the holidays I even ate cookies and pie without guilt this year
I was just careful to keep it in moderation and fit it into my
calorie budget like you told me to. Thanks again. Some people
even sent me their progress pictures.

was 49 days (7 weeks) simply because that was the length of

time from thanksgiving week into the new year. In the summer,
we launched a second event because so many people said they
needed the motivation again. We made it 98 days assuming that
twice the time would allow twice the transformation
(surprisingly that was not always the case). More than 2000
people entered that event. Weve been sponsoring the challenges
with steady participation ever since and have started new
performance-based fitness challenges as well.
Performance-based fitness challenges as well? That's a great
idea. Do you run these alongside the regular body comp
transformations? I'd love to hear some memorable examples
of both a) the physical transformations, and b) the
performance transformations. What makes these particular
cases stand out to you?
Today we run performance-based challenges alongside the
before and after photo / body comp transformation contests to
appeal to people with different motivations. We discovered from
earlier events that some people wont post half-naked pictures
online no matter how big the incentives are. We also found that
even though we judged our contests based on personal
improvement and not the absolute best physique, some people
got demotivated if they felt like they never had a chance to win.
Photos-optional fitness performance challenges got those people
Weve done the usual thing you see on a lot of gamified sites,
like push ups, pull ups, plank time, deadlifts and other workout
challenges, but the real success for us was the fitness habits
challenge. We made a list of what actions and behavior
changes would create lasting success if they became habits. We
kept score and awarded points every day for things like writing
goals, posting nutrition in a journal, tracking the training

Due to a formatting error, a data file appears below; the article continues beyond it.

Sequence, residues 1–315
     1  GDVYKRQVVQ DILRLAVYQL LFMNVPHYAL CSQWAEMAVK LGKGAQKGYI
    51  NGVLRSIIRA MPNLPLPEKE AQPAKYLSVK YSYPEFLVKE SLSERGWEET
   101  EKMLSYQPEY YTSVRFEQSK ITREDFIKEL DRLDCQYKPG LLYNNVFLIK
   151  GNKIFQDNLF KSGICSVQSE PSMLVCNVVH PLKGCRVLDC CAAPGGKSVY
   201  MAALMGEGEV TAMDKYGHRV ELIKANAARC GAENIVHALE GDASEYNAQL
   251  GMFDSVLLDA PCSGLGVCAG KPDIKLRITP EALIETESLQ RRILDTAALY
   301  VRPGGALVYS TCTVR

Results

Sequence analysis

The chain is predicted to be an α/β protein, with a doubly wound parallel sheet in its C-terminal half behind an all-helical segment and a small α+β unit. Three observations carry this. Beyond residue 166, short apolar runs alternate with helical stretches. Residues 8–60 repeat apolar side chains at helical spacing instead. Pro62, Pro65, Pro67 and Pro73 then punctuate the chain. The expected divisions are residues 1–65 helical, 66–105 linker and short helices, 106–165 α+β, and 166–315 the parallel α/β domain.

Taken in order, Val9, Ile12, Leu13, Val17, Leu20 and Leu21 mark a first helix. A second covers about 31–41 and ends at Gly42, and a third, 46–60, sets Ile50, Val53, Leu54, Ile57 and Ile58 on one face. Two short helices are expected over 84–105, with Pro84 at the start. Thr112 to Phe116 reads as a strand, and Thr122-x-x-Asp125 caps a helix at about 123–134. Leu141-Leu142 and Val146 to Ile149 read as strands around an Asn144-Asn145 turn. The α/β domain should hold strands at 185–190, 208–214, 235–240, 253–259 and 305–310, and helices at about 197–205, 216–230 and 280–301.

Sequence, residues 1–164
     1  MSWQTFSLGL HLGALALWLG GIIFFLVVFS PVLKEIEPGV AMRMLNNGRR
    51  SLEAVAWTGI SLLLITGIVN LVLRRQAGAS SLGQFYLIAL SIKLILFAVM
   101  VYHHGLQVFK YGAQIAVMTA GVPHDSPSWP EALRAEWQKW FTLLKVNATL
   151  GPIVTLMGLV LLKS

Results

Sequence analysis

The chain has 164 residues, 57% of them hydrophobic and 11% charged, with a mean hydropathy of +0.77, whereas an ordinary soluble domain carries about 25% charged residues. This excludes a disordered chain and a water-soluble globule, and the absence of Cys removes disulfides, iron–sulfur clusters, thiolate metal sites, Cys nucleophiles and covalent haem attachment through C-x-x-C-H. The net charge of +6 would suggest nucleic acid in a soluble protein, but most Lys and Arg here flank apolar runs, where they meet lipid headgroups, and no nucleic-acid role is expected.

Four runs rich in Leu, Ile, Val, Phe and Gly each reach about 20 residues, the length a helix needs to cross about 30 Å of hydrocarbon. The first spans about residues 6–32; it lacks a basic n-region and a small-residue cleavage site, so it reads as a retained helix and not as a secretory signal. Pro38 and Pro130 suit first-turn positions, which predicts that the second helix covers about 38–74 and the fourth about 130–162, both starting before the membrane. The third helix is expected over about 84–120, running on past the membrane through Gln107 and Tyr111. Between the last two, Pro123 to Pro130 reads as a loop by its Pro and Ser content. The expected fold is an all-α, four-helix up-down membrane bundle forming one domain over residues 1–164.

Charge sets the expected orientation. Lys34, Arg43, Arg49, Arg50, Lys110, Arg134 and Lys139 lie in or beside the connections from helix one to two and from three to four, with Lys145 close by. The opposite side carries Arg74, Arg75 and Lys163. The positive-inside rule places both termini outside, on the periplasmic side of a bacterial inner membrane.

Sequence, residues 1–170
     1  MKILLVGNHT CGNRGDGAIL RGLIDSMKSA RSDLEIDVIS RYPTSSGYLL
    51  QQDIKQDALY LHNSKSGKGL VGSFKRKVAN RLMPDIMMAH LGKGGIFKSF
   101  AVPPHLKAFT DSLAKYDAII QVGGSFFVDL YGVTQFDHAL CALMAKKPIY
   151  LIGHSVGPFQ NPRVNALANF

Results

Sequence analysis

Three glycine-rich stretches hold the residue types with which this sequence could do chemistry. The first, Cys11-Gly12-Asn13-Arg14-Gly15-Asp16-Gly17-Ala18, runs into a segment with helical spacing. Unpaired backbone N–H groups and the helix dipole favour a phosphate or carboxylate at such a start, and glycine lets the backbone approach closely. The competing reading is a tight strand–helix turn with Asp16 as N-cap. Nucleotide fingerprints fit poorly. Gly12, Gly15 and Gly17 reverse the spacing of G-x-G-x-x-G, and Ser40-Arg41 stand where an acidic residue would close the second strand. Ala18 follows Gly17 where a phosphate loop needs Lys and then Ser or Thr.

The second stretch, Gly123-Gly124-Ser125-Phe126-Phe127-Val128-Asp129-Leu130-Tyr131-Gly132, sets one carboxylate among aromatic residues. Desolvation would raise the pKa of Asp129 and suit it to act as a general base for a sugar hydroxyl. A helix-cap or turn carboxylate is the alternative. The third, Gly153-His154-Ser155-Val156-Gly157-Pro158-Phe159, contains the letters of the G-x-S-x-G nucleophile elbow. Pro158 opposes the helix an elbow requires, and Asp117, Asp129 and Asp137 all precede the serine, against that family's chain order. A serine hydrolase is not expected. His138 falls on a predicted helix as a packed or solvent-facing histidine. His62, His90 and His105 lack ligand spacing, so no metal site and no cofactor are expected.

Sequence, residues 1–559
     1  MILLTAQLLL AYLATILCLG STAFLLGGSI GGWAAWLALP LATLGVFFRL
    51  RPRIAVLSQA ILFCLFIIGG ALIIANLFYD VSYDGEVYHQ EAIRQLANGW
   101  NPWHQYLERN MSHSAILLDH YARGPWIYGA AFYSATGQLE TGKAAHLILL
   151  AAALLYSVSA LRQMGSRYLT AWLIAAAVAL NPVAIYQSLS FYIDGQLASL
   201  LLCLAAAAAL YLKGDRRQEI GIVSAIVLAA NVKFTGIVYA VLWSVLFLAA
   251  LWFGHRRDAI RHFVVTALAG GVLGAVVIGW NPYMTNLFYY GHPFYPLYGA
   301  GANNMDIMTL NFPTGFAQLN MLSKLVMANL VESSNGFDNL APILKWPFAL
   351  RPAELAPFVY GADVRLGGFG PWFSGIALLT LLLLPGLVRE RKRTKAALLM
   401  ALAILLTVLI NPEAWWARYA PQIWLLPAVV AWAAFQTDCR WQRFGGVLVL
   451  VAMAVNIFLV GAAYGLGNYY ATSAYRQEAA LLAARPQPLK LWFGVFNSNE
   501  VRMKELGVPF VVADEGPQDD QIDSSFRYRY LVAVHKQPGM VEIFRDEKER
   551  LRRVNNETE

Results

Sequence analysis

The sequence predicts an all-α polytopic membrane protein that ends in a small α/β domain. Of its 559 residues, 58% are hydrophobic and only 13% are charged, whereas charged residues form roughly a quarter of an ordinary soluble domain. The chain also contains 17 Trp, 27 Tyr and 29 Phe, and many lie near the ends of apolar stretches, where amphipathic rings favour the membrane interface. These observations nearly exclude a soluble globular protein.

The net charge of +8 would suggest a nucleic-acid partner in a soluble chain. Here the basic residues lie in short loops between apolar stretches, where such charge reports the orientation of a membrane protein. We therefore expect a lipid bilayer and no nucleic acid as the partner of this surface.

sessions and reporting results every week for accountability.
Then we started events like our Mt Everest Challenge which
requires 2903 floors to the summit and our 1 million step
challenge, which involves taking just over 10,000 steps in 98
days, as tracked with a pedometer. We used a leaderboard and
have a group at Fitbit as well. The combination of an attainable
goal, prizes, accountability and friendly competition made this a
huge success and we got thousands of people off the couch. We
had three people do over 3 million steps and none were
endurance athletes. One of them, Marc Chabot, age 55, dropped
52 pounds in 98 days. These contests made me a big fan of
gadgets or apps that make you accountable for your activity,
training and nutrition.

Critics said we were crazy to run a transformation contest at that

time of year, but it was a hit. More than 1000 people entered. It

For the before and after transformations, we have hundreds of

case studies from every age group and background. Two types
stand out the most. First, the success stories from real people
who have either overcome serious adversities like injury or just
ordinary life challenges like being busy that most people use as
excuses. Cynthia Cardenas for example, won one of our 49-day
events while being a stay at home mom of 5 kids all under the
age of 8, including homeschooling 2 of them. Because dropout
rates are so high for all kinds of diets as well as fitness contests,
the second group that really stands out is the long-term
maintainers, not just the big losers at the end of each
contest. Brian Nordberg is like the poster man for this. He
dropped 122 lbs, kept it off more than 4 years and since gained

Alan Aragons Research Review February/March 2014

[Back to Contents]

Thats when I knew we were on to something. So the following

year, we formalized it, created a competition structure and
announced our first Burn the Fat Holiday challenge. We offered
great prizes, including a trip for two to Maui for the male and
female winners. Each contestant took progress photos, set goals,
tracked their weight and body composition, recorded progress in
a journal every week and wrote an essay at the end. Doing it in
an online forum with thousands of members turned out to be
fantastic for accountability and community support.

Page 26

over 20 pounds of muscle. Hes now a participant in the

National Weight Control Registry. You can see both of them at
Burn the Fat Blog or on the back cover of my book.
Fascinating & impressive cases, Tom. Are there key qualities
(work ethic, approach, habits, etc) you find as common
threads among folks who are able to successfully transform?
Or, are there really no consistently common threads at all
among the long-term success stories (I'm not discounting
that possibility).
Ive seen people with big differences in dietary approaches
food choices (vegetarian or carnivore), meal schedules (three
meals or six meals), macronutrients (high-carb, low-carb and
everywhere in between) and so on all become equally
successful, as long as they adhered to the big picture principles,
such as maintain a calorie deficit for fat loss, get optimal protein
levels and so on. But there are definitely common threads among
all the success stories.
First, absolutely, work ethic is high on the list. Ive never heard a
transformation contest finalist or winner say, That was easy.